This being my first foray with a number of new styles, techniques, equipment, and methods something is bound to go wrong. Almost immediately when I begin sparging, I end up with a stuck sparge. Even though the valve is opened all the way, no liquid flows out of the tun. Running a sanitized wooden skewer through the bulkhead fitting I am able to clear the blockage and begin slowly draining the wort. After further inspection of the spent grains later on, I discover that the braided hose has come loose from the inner bulkhead fitting. Inadequate fasteners or excessive stirring of the mash are probably to blame.
The first S.G. reading is 1.069. The second reading is 1.061. After 9 days in primary, I rack the beer into the secondary glass carboy. At the time of racking to secondary, the S.G. reading is 1.014. After 12 more days in the secondary the F.G. ends up at 1.012. At this point I transfer the beer into a keg and force carbonate it at 12 PSI at 48°. It should be properly carbonated and ready to drink within another week.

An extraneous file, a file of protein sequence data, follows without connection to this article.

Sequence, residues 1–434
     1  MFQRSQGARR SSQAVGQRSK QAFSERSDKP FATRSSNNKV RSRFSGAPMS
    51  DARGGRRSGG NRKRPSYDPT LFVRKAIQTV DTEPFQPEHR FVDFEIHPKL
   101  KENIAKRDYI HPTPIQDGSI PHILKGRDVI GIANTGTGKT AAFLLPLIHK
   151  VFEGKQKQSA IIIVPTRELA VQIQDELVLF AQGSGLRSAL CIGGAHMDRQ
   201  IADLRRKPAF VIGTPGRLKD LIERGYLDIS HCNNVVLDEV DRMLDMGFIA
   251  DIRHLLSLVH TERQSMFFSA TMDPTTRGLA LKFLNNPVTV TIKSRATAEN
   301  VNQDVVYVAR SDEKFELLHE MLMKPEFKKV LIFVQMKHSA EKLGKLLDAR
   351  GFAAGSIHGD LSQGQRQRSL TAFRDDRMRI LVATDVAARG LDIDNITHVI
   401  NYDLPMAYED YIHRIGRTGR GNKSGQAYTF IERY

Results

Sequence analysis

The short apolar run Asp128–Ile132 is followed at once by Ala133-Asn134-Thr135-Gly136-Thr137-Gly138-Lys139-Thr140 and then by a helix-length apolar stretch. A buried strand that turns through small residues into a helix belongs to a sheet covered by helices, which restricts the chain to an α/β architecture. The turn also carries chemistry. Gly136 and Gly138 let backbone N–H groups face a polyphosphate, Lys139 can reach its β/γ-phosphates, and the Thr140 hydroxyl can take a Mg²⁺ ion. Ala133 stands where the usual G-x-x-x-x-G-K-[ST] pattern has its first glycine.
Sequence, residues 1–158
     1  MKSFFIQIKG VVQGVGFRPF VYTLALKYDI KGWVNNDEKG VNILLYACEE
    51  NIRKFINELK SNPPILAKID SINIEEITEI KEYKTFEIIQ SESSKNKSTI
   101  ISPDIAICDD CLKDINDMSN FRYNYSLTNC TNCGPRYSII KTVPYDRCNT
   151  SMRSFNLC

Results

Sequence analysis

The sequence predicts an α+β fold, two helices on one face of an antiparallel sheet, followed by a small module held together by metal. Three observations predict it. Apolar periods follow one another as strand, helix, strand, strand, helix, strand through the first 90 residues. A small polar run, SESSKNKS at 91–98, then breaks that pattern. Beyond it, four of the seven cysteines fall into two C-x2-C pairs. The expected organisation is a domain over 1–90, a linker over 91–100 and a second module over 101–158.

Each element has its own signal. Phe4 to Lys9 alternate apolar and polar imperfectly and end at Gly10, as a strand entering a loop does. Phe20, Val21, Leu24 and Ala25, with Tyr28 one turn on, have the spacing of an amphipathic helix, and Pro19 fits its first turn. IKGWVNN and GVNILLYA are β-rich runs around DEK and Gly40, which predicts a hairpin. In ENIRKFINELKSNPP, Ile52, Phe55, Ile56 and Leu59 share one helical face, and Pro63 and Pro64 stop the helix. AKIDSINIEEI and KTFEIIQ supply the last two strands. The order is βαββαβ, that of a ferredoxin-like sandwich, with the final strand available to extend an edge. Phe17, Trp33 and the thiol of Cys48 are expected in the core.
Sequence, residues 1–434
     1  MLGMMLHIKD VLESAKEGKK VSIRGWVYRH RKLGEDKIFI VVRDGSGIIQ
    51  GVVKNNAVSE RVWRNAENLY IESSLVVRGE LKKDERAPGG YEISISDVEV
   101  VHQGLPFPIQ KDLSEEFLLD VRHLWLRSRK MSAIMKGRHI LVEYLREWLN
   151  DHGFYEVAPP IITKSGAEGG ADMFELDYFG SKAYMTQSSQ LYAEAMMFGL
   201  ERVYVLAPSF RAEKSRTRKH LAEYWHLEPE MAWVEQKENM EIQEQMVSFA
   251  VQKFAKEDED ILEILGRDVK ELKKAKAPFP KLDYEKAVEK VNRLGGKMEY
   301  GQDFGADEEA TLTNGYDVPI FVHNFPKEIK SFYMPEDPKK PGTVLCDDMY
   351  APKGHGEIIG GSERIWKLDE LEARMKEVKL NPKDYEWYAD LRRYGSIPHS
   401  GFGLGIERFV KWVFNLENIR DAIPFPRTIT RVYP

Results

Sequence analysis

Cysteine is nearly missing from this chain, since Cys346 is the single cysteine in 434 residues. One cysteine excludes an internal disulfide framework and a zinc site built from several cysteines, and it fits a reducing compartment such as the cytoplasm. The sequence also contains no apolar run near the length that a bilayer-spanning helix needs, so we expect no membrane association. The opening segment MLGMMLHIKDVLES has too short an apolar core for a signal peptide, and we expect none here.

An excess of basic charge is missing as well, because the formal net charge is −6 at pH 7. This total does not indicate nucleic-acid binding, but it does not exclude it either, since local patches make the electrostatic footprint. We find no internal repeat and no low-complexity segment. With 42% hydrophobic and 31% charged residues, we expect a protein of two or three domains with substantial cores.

So, after everything is this a delicious quaffable brew? Every beer I’ve made has been a good beer which I’ve enjoyed drinking. Unfortunately, not every brew is one I’ve felt is one that I would want to consider making more than once or adding to a regular rotation list. That’s just part of the adventure of exploring new style territory. Even if it doesn’t turn out to be my favorite, I still learn a little more about how different ingredients and preparations come together and affect the flavor of the final beer. As it turns out, this is the second brew I’ve done which I would consider on the esteemed regular rotation list. (The Bell’s Two Hearted Ale clone was the first to place on this list.) Needless to say – and in spite of the problems along the way – I’m extremely pleased with this brew and look forward to having a chance to make the next batch.